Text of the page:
Monday, April 18, 2011

Let A Thousand Concealed Handguns Bloom!

Strange things happen to your mind when it’s transplanted to a foreign culture. Events and ideas that would have once appeared outrageous become very normal, and before long you accept them without batting an eyelid. It takes a serious jolt for you to realize how normal the hitherto abnormal has become.

Recently I had one of those jolts, when I read that the Texas State Legislature was about to pass a law forcing college campuses to permit students to carry concealed weapons on their persons. There is already a law that says Texas colleges can decide for themselves if they want students to wander around with secret firearms. None permit it; that’s why state lawmakers want to force them to grant students their 2nd Amendment rights.

O brave new world, that has such people in’t!

Robocop Forever!

The United States is a troubled nation, friends. The economy is a mess, the political culture is unbearably shrill, ponytailed types are rioting in Wisconsin, etc. Fortunately there is some good news: Detroit is getting a statue of Robocop.

This is how it happened. Last week, via Tweet, somebody proposed a Robocop monument to the city’s mayor, Dave Bing. Bing replied sniffily: "There are not any plans to erect a statue to Robocop. Thank you for the suggestion"

Almost immediately an Internet campaign began which raised the $50, 000 required to build it, after which a local non-profit organization donated a site. Bing’s diktat was overruled by the will of the people - kind of like Hosni Mubarak in Egypt, only completely different.

Life After Wartime

I’ve always been fascinated by the military. Well, not always. In fact, when I was younger I was bored senseless by it. I couldn’t stand war films, war comics, or anything war related. The only exception was war in space. I loved laser guns and watching aliens die.

And then, at some point, my attitude changed. After all, nobody can deny that war is a phenomenon worth pondering, given that humans like killing each other so much.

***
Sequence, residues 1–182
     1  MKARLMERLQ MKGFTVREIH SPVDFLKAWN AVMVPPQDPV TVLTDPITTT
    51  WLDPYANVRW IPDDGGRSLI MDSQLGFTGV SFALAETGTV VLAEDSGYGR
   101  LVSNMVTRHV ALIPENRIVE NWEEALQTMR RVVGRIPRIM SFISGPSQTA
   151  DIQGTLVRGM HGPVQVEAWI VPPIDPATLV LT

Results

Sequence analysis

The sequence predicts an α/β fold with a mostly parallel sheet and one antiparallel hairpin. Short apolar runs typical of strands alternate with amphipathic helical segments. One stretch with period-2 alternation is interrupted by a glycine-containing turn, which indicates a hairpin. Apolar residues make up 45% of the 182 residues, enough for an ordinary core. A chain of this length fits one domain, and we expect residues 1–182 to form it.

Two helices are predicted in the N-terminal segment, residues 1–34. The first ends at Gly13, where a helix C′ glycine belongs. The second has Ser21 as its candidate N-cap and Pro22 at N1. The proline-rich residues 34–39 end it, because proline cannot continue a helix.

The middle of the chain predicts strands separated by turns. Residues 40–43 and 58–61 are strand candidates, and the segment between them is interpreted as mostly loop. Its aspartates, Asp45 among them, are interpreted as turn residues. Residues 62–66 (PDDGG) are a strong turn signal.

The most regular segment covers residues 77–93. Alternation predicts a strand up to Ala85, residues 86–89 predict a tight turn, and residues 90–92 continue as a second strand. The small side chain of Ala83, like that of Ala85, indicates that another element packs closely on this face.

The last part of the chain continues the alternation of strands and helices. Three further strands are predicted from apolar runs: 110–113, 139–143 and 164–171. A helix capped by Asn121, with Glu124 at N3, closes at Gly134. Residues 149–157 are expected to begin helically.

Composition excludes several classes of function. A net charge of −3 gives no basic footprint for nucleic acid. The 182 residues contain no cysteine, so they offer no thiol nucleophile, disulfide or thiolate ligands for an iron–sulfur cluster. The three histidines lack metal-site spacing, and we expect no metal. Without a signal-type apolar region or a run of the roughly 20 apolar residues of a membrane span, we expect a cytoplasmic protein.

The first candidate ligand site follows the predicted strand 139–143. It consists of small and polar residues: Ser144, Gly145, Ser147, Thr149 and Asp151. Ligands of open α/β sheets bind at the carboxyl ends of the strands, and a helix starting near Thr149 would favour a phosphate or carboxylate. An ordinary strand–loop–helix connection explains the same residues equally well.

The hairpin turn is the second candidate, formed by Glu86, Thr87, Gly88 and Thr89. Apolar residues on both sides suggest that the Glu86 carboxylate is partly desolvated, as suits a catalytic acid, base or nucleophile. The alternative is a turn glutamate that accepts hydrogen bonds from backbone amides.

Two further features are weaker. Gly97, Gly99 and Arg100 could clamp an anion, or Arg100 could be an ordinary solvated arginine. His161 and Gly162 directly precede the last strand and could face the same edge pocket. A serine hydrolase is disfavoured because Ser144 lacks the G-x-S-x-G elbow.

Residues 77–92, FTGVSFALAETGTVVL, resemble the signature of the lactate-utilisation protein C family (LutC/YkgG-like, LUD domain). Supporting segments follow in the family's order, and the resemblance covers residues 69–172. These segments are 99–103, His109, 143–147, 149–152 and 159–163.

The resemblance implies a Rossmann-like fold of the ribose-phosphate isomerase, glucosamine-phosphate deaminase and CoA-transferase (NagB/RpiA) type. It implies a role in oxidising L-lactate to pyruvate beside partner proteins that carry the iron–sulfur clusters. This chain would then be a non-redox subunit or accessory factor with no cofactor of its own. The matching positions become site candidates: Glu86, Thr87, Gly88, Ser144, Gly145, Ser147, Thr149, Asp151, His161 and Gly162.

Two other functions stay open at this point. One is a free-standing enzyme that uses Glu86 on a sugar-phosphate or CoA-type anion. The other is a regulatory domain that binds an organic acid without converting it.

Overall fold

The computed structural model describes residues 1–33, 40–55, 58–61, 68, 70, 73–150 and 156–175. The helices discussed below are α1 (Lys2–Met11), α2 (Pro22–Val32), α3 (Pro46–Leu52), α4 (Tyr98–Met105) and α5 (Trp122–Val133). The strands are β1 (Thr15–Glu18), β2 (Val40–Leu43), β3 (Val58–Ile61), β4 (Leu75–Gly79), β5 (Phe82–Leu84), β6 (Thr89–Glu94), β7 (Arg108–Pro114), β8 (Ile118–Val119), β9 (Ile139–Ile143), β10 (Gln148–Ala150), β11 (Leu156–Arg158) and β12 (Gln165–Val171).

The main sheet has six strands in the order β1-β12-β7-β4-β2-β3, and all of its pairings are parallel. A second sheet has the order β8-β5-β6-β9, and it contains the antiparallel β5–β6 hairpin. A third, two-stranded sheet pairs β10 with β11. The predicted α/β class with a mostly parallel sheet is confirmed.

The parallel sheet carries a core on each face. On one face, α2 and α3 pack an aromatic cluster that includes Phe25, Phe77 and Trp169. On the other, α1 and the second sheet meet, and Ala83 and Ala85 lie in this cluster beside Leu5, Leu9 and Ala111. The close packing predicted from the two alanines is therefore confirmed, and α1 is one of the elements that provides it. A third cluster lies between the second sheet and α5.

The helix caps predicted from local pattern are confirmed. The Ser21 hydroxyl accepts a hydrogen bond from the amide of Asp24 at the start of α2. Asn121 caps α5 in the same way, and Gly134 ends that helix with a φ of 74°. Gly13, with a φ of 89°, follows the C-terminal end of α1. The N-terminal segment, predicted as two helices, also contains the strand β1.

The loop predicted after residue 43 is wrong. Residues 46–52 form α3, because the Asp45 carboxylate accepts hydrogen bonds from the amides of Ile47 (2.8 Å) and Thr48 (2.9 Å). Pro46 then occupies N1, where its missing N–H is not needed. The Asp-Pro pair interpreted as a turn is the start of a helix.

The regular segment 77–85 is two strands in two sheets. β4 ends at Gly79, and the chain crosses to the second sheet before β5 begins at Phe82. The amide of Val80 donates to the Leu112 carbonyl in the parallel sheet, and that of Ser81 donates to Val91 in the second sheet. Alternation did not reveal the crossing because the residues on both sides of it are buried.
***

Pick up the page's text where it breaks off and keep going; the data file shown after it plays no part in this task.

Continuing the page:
Suddenly too I found that I admired military people. I was jealous of their ability to rise early, keep their hair short, and submit to external authority. Bohemianism is overrated: disciplined habits can help a man progress in life.

Ice Storms, Snowfall And The Last Man On Earth

Growing up in Scotland, I didn’t see much snow.  1979 provided the only white Christmas I remember. After that (with the exception of one year when blizzards closed school for a few happy days) you’d get two weeks of slushy stuff at the end of January/start of February, and that was about it.

In January 1997 I moved to Russia. I vividly recall the banks of deep snow in front of my dilapidated khrushevka in northwest Moscow. I waded through it with pleasure, astonished as I sank in up to my waist. Of course I was walking in an un-trodden area beneath the trees, which greatly confused the handful of Russians who were using the smooth, flattened path like regular people.

Thursday, April 14, 2011

A Brief Encounter With Holy Death

For a while now I have been hoping for an encounter with death- Saint Death, that is, or Santa Muerte, affectionately known to her (largely Mexican) followers as La Flaca- the Skinny Girl. She’s all bones, you see.
I don’t remember how I first found out about Lady Death. It was some time last year, while I was prowling the Texas-Mexico border. For the uninitiated, Santa Muerte is a crypto-saint not recognized by the Catholic Church. Nobody seems to know where she came from- one source I read speculated that the cult was new, dating back only to the late 1960s. Another speculated that it was much older, and arose as a result of peasant confusion between a Catholic Saint and an Aztec deity of death. Whichever variant is true, Holy Death emerged looking like a figure from a death metal album cover: grinning skull face, scythe, hooded robe etc.

Ancient Wisdom of the Apache

Years ago, a friend of mine started dating a vivacious American girl. Being American himself, he naturally included her ancestral lineage in his discussion of her charms. “Yes, Dan,” he said, “She’s part Scottish, part Irish, part German, a little English and also Apache - on her great-great-grandmother’s side.”

“I’m terribly sorry,” I said.
“Well, because her great-great grandmother was raped, of course. What do you think the white settlers were doing on Indian lands in the 19th century? They weren’t passing the bong around at a groovy inter ethnic love-in, I’ll tell you that for nothing. “

Things Coca Cola Has Taught Me

On Monday, I helped an 88-year-old man move a Coca-Cola vending machine from the floor of an industrial warehouse to the back of his pick-up truck. He was buying it for the employees at his scrap metal business in Houston. The owner of the vending machine was out of town, and I had agreed to meet the old man and help.

Alas, I wasn’t much use. I soon discovered that even if I pushed the vending machine very, very hard with my shoulder, it wouldn’t move. Fortunately there was a man across the street with a forklift truck. If he hadn’t been there, the Coke machine would still be standing in the original spot, or perhaps the 88-year-old man and I would be lying under it, two bloody smears on the warehouse floor.

And so the week began with a new discovery: VENDING MACHINES ARE INCREDIBLY HEAVY. Reflecting upon this, I wondered what other things I had learned from Coca-Cola which, like the air we breathe, is a ubiquitous part of modern life.

The Ghost In The Rage Machine